As I alluded in a post last week, a number of EU governments are intent on making a switch from Windows to Linux operating systems. Part of the reason for this is the ostensibly cheaper cost of using open source software as opposed to proprietary systems.
According to reports out of the UK, “Shadow chancellor George Osbourne has estimated that the UK government could save in excess of ꍠ0 million a year if more open source software was deployed across various departments.” And of course costs are likely to be lower when regulators take an active hand in lowering the ongoing fees associated with open source compatibility. Such actions hide the true costs of open source operating systems, giving them an artificial cushion.
But one other interesting factor in the claim that Linux is cheaper to run than Windows comes from the environmental considerations involved. This article (HT: Slashdot) makes the case that Linux rigs are “greener than those running Windows” because “open source software has lower hardware requirements and needs less frequent hardware refreshes.”
Interestingly enough, that’s the same claim made by Apple in a recent Mac v. PC ad:
But then again, the costs associated with hardware upgrades aren’t the only relevant environmental factors to consider. Think about the ways in which companies have or have not worked to create responsible disposal methods for outdated or obsolete equipment. This latter consideration, in fact, is one of the reasons why Greenpeace has said that Apple “has the worst environmental policies among major electronics companies.”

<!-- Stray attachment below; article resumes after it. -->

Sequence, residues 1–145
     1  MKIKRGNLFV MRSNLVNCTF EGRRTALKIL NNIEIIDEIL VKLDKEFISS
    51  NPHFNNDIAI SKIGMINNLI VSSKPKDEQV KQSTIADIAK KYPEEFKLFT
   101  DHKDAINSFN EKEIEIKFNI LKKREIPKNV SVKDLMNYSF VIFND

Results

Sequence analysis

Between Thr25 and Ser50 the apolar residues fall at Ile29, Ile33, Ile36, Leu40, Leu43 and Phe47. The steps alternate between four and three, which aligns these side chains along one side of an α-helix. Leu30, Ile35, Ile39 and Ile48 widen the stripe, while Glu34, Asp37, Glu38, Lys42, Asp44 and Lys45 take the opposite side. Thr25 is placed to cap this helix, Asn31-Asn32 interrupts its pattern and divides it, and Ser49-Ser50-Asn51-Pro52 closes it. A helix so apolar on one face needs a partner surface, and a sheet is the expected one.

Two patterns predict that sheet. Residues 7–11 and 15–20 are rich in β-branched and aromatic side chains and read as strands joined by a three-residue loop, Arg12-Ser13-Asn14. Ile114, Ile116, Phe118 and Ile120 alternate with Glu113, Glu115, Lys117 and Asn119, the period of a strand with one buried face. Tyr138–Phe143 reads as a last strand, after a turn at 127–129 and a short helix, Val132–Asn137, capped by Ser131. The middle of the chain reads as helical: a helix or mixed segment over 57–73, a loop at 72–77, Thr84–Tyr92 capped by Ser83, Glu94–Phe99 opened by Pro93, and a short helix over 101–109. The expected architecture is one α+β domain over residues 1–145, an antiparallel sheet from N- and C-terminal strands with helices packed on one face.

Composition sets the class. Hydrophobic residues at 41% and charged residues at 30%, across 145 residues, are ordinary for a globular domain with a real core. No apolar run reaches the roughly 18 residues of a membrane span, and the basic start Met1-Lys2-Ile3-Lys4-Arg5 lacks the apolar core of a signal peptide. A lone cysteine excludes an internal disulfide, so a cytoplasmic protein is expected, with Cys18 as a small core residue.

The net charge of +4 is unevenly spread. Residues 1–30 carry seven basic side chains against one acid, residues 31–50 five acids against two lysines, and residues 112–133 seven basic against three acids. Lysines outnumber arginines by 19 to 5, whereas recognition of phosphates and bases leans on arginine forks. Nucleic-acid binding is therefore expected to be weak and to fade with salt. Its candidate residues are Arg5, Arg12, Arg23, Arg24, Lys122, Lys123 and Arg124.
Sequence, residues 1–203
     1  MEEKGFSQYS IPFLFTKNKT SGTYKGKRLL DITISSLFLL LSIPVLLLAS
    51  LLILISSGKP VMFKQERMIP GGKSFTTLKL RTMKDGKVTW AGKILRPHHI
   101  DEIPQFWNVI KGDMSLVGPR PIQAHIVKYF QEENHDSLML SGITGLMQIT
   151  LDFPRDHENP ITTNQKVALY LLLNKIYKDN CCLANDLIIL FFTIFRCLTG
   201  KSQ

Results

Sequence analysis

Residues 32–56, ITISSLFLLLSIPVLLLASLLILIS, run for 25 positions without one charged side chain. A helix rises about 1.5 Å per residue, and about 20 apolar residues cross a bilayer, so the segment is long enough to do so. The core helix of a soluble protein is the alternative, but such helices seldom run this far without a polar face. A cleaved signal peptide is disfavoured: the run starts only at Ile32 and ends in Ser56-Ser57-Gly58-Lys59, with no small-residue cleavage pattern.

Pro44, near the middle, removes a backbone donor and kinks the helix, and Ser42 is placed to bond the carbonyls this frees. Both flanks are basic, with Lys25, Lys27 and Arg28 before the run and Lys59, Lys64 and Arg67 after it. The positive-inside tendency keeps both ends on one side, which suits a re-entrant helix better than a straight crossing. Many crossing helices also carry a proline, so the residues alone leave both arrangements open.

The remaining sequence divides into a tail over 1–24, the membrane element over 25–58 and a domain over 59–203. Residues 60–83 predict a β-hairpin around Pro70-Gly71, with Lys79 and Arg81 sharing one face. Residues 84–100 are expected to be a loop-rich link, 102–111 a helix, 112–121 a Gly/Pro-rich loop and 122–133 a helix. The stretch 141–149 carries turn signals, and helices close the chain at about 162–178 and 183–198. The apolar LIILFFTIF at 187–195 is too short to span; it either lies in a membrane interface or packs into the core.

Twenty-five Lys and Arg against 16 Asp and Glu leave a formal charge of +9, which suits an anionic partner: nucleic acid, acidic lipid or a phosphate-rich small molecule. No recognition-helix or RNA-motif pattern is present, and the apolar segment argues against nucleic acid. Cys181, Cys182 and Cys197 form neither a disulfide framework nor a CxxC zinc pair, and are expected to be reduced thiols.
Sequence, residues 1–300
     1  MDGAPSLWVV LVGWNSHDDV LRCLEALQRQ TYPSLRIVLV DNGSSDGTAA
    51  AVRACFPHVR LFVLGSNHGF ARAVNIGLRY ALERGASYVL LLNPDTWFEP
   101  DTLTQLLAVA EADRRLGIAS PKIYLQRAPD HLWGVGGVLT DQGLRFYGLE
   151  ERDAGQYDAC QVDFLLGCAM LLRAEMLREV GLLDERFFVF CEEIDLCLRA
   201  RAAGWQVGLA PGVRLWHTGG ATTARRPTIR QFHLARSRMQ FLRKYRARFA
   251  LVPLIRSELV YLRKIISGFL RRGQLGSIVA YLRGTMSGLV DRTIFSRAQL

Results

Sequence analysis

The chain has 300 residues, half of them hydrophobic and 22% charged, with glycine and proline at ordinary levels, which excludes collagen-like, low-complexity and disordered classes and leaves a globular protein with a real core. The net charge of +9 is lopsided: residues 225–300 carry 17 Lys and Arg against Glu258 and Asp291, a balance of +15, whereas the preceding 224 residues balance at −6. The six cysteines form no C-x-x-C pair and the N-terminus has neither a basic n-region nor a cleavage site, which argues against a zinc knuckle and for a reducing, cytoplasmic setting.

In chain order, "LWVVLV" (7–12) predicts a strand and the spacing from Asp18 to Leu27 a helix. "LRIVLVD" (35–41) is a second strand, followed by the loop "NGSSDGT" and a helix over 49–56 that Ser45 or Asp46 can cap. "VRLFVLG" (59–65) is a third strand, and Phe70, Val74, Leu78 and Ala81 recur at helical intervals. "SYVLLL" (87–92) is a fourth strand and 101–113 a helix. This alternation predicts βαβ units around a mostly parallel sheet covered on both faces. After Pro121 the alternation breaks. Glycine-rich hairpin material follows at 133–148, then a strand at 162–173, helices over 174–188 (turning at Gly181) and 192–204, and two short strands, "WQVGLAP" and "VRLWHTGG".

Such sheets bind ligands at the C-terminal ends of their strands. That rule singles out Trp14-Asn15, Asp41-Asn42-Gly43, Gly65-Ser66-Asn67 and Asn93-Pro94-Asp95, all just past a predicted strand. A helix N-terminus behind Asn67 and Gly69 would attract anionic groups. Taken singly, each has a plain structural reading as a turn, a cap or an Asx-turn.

PC manufacturers like Dell, on the other hand, have been praised for having “one of the best recycling programs in the industry.”
Judgments about the cost-effectiveness and environmental costs associated with the latest generation of computer hardware and software need to go beyond short-term examinations of the one-time costs of upgrades, or even the long-term hardware needs. The ‘greenness’ of computing can’t be measured by just one standard.